Unfortunately, the prevalence of AIDS is increasing in Asia and the Pacific at an amplified rate. According to the World Health Organisation, 1.2 million people were recorded to have HIV in the region in 2017. For this reason, both government and non-government organisations in the area are becoming increasingly focused on spreading awareness of HIV/AIDS. This primarily involves training of health workers.

WHAT IS POLHN DOING?

Pacific Open Learning Health Net (POLHN) is working in collaboration with WHO to train health workers, specifically, nurses, to provide medical attention to those affected by HIV/AIDS.

In Pacific, nurses are often the first ones to encounter patients suffering from HIV/AIDS. So, POLHN has chosen to focus on these nurses to make sure they are trained to give up-to-date and accurate information, primarily through the free online HIV/AIDS course, which includes a section on community standards.

PROMINENT FEATURES OF OUR FREE ONLINE HIV COURSE:

The POLHN HIV/AIDS course focus on teaching students to:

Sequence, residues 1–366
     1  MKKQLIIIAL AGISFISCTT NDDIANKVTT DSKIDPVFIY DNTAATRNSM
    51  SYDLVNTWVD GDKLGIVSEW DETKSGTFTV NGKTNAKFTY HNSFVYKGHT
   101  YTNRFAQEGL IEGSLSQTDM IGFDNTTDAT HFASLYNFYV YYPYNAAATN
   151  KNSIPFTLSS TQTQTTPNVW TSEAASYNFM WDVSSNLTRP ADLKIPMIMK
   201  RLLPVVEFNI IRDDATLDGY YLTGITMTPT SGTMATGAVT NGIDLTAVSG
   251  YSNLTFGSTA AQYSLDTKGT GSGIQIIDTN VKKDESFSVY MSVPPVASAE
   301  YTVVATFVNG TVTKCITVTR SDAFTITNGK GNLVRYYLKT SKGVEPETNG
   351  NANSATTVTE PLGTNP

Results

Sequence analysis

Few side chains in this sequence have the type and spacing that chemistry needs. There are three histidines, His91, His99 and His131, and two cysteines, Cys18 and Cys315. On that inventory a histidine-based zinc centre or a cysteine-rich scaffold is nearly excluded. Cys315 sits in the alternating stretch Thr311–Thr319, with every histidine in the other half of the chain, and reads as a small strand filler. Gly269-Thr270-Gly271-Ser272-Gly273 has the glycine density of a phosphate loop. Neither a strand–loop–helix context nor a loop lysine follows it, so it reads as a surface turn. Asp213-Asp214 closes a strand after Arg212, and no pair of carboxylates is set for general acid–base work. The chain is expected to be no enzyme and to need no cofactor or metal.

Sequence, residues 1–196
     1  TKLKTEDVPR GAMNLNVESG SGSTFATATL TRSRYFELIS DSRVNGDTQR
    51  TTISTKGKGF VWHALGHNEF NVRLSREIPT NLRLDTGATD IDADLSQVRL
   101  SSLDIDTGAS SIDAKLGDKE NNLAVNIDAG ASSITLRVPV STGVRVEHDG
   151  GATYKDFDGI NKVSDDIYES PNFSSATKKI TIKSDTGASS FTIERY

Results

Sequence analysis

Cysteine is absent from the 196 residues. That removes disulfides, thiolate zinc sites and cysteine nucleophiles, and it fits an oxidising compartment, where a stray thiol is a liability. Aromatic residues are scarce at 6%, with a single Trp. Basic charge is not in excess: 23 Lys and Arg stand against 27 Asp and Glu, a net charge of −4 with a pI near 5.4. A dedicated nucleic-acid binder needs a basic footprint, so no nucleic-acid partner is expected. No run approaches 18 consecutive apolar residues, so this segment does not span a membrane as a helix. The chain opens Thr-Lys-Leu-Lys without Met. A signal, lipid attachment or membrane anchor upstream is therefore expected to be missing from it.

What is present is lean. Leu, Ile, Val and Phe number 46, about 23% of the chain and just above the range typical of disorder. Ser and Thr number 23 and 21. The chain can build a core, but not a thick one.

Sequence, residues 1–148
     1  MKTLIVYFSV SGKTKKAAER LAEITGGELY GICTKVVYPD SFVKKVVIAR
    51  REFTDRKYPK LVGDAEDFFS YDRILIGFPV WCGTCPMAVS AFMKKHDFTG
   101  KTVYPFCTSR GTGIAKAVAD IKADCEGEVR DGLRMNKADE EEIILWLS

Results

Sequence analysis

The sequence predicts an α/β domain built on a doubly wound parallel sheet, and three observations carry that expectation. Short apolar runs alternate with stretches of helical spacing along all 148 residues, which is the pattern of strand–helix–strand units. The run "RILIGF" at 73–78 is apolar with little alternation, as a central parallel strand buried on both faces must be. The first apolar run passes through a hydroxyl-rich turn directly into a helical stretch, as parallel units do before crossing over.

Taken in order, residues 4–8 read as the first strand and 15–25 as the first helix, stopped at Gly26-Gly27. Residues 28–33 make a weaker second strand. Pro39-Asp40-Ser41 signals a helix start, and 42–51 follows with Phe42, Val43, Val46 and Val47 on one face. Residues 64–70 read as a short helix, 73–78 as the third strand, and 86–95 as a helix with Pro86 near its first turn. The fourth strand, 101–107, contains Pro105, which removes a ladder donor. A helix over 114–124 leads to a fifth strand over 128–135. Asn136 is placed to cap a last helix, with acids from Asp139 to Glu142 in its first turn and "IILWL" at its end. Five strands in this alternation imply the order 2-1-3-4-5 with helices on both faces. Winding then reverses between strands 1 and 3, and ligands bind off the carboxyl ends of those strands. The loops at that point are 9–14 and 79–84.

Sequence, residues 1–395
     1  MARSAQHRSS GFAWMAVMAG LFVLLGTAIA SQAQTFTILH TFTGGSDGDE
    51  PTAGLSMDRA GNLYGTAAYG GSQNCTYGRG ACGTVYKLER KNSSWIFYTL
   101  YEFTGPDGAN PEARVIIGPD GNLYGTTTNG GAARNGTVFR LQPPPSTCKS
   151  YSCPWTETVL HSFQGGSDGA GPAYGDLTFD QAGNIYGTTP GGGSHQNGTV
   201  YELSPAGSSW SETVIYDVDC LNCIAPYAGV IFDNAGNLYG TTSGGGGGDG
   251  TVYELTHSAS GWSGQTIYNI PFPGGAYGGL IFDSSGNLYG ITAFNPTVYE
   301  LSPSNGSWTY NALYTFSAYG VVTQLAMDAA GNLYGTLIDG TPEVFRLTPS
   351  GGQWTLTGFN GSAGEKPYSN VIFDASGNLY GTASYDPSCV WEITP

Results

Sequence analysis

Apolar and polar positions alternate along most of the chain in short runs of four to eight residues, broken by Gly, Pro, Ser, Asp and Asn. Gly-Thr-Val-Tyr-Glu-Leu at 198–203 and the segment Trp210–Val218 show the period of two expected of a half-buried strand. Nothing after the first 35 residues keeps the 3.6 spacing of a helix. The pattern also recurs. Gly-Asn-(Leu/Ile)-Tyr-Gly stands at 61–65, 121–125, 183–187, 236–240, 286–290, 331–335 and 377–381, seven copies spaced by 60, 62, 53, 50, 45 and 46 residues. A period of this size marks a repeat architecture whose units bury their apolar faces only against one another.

• Manage to build a proper treatment for TB and HIV/AIDS
  • Strengthen the immune system of patients suffering from AIDS
  • Diagnosis and prevention of AIDS
  • Identify the causes and risk factors of AIDS
  • Increase public awareness of AIDS

Sign up to our free online health courses today to improve your competencies and knowledge, without investing a single penny.

Infant immunisation: Safe, effective and essential

Infant immunisation: Safe, effective and essential

This year,World Immunisation Week is celebrated from 24-30 April and the theme is Protected Together: Vaccines Work! In light of this, POLHN is putting the spotlight on the importance of infant immunisation to demonstrate the value of vaccines for children, communities and the world.

According to the World Health Organization (WHO)  immunisation is the process whereby a person is made immune or resistant to an infectious disease, typically by the administration of a vaccine. Vaccines stimulate the body’s own immune system to protect the person against subsequent infection or disease.